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Poor Britons miss out on beautiful surroundings and should have legal right to improve look of their neighbourhoods, says report

Attractive public spaces are important factors in mental health, says the report

Jonathan Owen
Thursday 23 July 2015 12:10 BST
Social housing in Southwark, London
Social housing in Southwark, London (Getty Images)

Impoverished Britons are missing out on beautiful surroundings conducive to good health and wellbeing and should have a legal right to improve the look of their neighbourhoods, according to a new report.

People living in households with an annual income of more than £45,000 are most able to take advantage of beauty in their local environments, says the report by the ResPublica think tank. And 45 per cent of people in social housing feel they have access to beautiful places, compared to 57 per cent of homeowners, it states.

“Our public poll is damning. It shows we are singularly failing the poor. A staggeringly high household income, more than £10,000 above the national average, gives you better access to beautiful surroundings,” said Caroline Julian, co-author of the report.

Attractive public spaces are important factors in both physical and mental health, and experiencing natural beauty reduces stress and promotes wellbeing, according to the report - which is backed by organisations such as the National Trust, Campaign to Protect Rural England, and the Woodland Trust.

“The cost of ugliness, particularly for those who are the least wealthy in society, is far too high,” it says. “The wealthier you are, the more likely you are to experience beauty, together with all the benefits and value this provides,” adds the report.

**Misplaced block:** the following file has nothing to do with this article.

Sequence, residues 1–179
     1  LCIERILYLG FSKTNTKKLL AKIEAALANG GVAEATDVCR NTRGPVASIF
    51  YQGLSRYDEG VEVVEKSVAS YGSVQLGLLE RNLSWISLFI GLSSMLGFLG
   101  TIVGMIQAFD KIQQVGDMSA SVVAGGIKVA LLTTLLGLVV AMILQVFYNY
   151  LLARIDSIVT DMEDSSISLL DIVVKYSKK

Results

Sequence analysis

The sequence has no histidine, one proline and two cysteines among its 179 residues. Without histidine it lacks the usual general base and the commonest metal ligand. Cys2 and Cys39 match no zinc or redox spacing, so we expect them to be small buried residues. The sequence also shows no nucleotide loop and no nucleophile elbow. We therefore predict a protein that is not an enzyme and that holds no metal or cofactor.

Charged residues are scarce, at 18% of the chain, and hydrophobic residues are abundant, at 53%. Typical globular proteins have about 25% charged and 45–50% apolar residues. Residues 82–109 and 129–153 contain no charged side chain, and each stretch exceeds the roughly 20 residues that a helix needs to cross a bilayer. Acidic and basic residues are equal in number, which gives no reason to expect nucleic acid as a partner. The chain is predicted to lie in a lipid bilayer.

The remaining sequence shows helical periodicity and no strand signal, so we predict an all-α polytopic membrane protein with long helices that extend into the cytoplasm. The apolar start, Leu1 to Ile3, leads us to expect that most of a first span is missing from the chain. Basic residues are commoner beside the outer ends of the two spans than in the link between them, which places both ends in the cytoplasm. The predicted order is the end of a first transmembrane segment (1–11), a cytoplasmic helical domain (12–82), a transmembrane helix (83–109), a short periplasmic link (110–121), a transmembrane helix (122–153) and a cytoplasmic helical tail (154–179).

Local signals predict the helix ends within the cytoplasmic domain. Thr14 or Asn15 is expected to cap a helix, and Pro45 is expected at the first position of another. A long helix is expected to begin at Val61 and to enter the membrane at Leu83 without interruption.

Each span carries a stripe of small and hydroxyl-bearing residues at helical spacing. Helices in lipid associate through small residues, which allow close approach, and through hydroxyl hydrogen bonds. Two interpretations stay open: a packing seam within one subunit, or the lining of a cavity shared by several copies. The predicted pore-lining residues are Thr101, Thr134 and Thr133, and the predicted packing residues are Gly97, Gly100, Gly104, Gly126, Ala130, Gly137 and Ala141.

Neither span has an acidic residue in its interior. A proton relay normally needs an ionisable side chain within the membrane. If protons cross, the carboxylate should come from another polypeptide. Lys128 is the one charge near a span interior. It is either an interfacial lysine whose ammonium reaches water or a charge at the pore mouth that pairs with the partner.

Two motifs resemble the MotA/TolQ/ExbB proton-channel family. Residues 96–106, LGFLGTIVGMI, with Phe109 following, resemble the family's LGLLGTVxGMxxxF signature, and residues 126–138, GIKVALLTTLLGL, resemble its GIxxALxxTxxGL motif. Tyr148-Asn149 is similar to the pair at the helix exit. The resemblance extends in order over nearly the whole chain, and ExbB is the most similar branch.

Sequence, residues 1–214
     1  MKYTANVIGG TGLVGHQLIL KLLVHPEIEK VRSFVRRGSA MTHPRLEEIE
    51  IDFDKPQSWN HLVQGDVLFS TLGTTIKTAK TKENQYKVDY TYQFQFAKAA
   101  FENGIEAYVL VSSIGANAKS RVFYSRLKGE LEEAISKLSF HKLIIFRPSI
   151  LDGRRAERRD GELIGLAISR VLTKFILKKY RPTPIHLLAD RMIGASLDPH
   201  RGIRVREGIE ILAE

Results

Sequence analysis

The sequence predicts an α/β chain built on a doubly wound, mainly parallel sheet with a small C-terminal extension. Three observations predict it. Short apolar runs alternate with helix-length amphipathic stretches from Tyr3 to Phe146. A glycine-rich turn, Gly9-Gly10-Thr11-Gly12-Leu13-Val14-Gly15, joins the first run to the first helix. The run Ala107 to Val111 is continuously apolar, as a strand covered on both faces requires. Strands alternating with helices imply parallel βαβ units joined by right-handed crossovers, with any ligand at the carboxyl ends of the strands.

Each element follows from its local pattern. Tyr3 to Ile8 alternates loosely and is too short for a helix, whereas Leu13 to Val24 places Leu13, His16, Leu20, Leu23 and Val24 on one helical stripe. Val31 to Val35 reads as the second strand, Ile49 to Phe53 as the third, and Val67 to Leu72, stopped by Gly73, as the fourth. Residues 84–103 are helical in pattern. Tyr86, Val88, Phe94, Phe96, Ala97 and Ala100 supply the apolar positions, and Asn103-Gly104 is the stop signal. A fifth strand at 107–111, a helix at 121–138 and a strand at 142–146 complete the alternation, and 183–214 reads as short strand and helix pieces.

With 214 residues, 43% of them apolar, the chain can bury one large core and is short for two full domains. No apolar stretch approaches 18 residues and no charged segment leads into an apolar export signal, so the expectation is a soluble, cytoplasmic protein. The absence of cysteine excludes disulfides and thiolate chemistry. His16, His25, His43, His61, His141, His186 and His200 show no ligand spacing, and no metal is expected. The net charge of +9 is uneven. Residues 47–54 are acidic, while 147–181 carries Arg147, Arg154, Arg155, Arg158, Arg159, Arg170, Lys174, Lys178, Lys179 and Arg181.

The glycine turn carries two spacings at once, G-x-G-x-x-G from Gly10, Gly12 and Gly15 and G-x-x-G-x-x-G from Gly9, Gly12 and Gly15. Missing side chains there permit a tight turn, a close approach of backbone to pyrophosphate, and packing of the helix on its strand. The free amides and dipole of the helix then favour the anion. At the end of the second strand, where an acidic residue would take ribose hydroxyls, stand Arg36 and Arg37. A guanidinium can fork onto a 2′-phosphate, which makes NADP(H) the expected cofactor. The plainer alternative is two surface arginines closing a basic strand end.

“People were more likely to rate their local area as ‘good’ or ‘very good’ in terms of being a beautiful place to live when their household income was higher. The same trend held for access to green and open spaces,” it states.

Reducing levels of litter is the most important factor in making an area beautiful, according to 36 per cent of Britons, followed by having less crime, vandalism and graffiti, and fewer empty and dilapidated buildings.

A Community Right to Beauty should be enshrined in law, giving local communities greater powers over the appearances of areas, the report argues. Creating ‘Areas of Outstanding Urban Beauty’ and designating areas lacking visual appeal as ‘Community Improvement Districts’ are among other recommendations.

Oliver Letwin MP, the Minister for Government Policy, said: “I very much welcome this seminal report. The exponential growth of neighbourhood planning is creating a vast new opportunity. Up and down the country, communities can make decisions about their own surroundings; and they can bring beauty back into the debates that gave rise to those decisions. Now is the time to make a fuss about beauty and this paper will help that to happen.”

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